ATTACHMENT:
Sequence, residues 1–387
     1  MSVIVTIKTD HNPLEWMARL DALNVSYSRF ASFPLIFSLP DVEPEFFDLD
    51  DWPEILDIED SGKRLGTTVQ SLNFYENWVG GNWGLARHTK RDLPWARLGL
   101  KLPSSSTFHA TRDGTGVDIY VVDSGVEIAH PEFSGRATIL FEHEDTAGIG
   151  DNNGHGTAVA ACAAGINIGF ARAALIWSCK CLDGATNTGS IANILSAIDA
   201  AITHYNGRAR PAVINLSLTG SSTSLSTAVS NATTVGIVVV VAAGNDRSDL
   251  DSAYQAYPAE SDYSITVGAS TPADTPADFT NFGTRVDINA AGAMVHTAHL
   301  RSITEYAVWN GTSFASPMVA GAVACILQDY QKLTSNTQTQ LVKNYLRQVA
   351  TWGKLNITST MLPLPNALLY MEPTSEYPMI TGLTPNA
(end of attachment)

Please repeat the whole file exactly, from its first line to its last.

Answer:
Sequence, residues 1–387
     1  MSVIVTIKTD HNPLEWMARL DALNVSYSRF ASFPLIFSLP DVEPEFFDLD
    51  DWPEILDIED SGKRLGTTVQ SLNFYENWVG GNWGLARHTK RDLPWARLGL
   101  KLPSSSTFHA TRDGTGVDIY VVDSGVEIAH PEFSGRATIL FEHEDTAGIG
   151  DNNGHGTAVA ACAAGINIGF ARAALIWSCK CLDGATNTGS IANILSAIDA
   201  AITHYNGRAR PAVINLSLTG SSTSLSTAVS NATTVGIVVV VAAGNDRSDL
   251  DSAYQAYPAE SDYSITVGAS TPADTPADFT NFGTRVDINA AGAMVHTAHL
   301  RSITEYAVWN GTSFASPMVA GAVACILQDY QKLTSNTQTQ LVKNYLRQVA
   351  TWGKLNITST MLPLPNALLY MEPTSEYPMI TGLTPNA